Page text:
The condition in which your nails split is known as onychoschizia, and this common problem can arise due to a variety of factors. One cause is malnutrition or a deficiency in vitamins or minerals, like iron. Your toenails can also split or become brittle due to trauma or repeated wetting and drying. If your toenails have begun to split, dry out or soften, or if you experience other adverse symptoms, see your doctor.
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Trauma and Poor Care
Trauma, such as crushing your toenail bed, can result in splitting and permanent deformities. Additionally, if your toenails constantly get wet and then dried out, or if you pick at them or live in an area with low humidity, your nails may become brittle and split. While these external factors most often cause splitting fingernails, splitting toenails may indicate an internal cause, since toenails are typically strong and do not split easily unless they are weakened from inside.
Illness and Malnutrition
If you have experienced a prolonged illness, you can develop Beau's lines, which are depressions across your nails that may result in splitting. A severe illness can cause you to become malnourished or otherwise deficient in certain essential vitamins and minerals, which can lead to brittle or splitting nails. Additionally, malnutrition unrelated to an illness can cause changes in your toenail strength and appearance as well, since it deprives your body of the nutrients necessary for proper nail growth and support.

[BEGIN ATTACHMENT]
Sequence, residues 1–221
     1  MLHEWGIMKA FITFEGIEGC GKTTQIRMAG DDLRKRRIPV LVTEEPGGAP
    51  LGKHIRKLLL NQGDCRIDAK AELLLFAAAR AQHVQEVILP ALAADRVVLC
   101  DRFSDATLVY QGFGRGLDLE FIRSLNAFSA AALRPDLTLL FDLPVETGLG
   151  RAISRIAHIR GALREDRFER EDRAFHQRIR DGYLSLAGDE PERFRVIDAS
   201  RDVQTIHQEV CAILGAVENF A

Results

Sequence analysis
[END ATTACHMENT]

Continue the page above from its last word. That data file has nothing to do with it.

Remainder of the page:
Of the nutritional deficiencies that result in splitting toenails, an iron deficiency is the most common. Iron deficiency anemia results when you do not get enough iron in your diet, and this can cause a variety of adverse symptoms. You may experience only fatigue, headaches and agitation at first. But as the anemia progresses, you will typically notice your nails becoming brittle and splitting, as well as a pale skin tone, sore tongue and light-headedness. The most common nail disorder associated with an iron deficiency is koilonychia, wherein your nails develop ridges, become thin and curve inward, all of which can also lead to splitting.
Prevention and Additional Considerations
You can help prevent splitting toenails from malnourishment or a nutrient deficiency by eating a nutrient-rich diet that gives you essential vitamins and minerals, such as iron. You might also find that taking biotin supplements can strengthen your nails and reduce splitting, according to the American Osteopathic College of Dermatology. Always check with your doctor before you begin taking any new supplements. Additionally, let him know if your toenails have begun to split or if you suspect you have iron deficiency anemia or another nutritional deficiency, as these can become serious if left untreated.